While I love a lavish weekend brunch at Sqirl or Gjusta, or a low-lit dinner at Bavel or Majordomo, I frankly do not have the budget or the time to pursue L.A.’s upper-crust cuisine. My weekend brunches are leftover slices of pizza eaten at 2 p.m. on a Saturday, and my low-lit dinners are bowls of mac and cheese eaten in the blue glow of my laptop. Instead, I gravitate toward the late-night diners, the taco trucks, the street hot dogs consumed past midnight in a glittery, uninhabited city. Some of the best food is delegated to the nightcrawlers, the college students, the graveyard shift workers — all hiding under the guise of a 2 a.m. closing time.
In my pursuit of midnight meals, I have found myself in one part of the city over and over again: Koreatown. At some point — maybe due to its culture, maybe due to its location — Koreatown has become a premier late-night food spot. Korean barbecue joints are more full at 1 a.m. than 1 p.m. Karaoke bars and nightclubs flood with soju, snacks and drunk patrons, all eager to extend the night until the early morning. In many ways, Koreatown feels like a daring rebel against the sleeping city.
And, while I’ll never turn down an opportunity to sit around a hot grill with mountains of bulgogi and galbi, I am more often sitting in front of a bubbling pot of soondubu jjigae, or kimchi and tofu stew, at a tofu house.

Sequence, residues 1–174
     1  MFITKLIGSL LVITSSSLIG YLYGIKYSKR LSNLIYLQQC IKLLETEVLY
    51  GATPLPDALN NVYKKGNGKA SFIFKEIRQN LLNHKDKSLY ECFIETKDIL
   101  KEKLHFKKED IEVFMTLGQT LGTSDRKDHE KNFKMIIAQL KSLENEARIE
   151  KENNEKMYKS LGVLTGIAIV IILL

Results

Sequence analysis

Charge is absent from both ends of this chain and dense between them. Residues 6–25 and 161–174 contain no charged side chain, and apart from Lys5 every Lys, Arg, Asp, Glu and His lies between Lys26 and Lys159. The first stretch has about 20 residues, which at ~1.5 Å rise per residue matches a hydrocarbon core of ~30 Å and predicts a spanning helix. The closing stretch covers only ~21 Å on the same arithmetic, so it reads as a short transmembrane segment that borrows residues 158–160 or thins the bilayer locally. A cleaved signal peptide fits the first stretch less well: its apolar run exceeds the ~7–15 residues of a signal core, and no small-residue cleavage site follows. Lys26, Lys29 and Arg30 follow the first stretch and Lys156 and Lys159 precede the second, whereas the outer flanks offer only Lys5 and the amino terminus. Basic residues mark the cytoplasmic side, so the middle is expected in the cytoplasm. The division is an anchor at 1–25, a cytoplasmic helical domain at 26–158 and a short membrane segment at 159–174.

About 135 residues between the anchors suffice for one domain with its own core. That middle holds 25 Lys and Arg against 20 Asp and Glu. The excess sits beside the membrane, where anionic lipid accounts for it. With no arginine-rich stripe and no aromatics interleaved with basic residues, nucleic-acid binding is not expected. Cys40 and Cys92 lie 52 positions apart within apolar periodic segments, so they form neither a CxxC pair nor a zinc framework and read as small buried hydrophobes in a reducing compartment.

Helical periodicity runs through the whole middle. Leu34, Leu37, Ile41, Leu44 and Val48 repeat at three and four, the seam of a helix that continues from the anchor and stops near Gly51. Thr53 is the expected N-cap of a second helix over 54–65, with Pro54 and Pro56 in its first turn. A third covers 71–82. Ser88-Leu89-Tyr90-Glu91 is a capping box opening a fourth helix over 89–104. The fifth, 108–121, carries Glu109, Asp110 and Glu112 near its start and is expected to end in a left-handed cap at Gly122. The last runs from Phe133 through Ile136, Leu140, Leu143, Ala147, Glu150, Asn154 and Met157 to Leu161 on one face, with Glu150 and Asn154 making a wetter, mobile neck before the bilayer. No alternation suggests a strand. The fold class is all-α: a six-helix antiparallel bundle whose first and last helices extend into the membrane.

Koreatown has not one but two locations of the popular chain BCD Tofu House, which primarily serves stone pots full of soondubu as well as other Korean classics like bibimbap and bulgogi. Go to the bigger one. It’s always more fun.
Somehow, at all hours of the day, it’s busy. After a concert at the nearby Wiltern, or a big party night, crowds will file in after everything else has closed. Here, they are served first with plates full of banchan, small side dishes, like fish cakes, pickles and kimchi. Newcomers, especially those new to Korean food, may gasp when a waitress places a whole fried fish in front of each person, bones and all.
When inebriated, the fried fish is both a challenge and a reward: Eat the head? Just the tender flesh? Try to eat the eyeball? Some customers will eat the entire fish, the bones a mere obstacle, without a moment of hesitation. I am not one of those customers.
In a way, the whole fried fish represents much of the experience at BCD Tofu House. Will you crack the uncooked egg into your boiling pot of soondubu and watch it cook as the soup cools? Will you crack it into hot rice and mix the stew in with it? Will you break up bites of hot broth and kimchi with pickles or fish cakes? Will you finish your meal with the rice porridge made out of the stone pot your rice was served in?
BCD Tofu House offers no answers to these questions but simply presents them as options. The soondubu itself is hot and satisfying, with smooth pieces of soft tofu mixed with kimchi, sometimes with protein or vegetables, always boiling hot and served with fluffy rice. Combined with the banchan, BCD Tofu House is a perfect mix between drunk food and health food, satisfying and colorful enough to please even the most inebriated. With two locations mere feet apart, BCD has successfully conquered the Koreatown late-night food scene.
Though my fragile budget and class-littered schedule doesn’t always permit a food-centric lifestyle, BCD Tofu House is a cheap, delicious 1 a.m. option. At least once a semester, usually more, I find myself sitting in front of a table of banchan, waiting for my stew, tired but happy all the same.
Christina Tiber is a senior writing about food. Her column, “Eating L.A. Before It Eats Itself,” runs every other Thursday.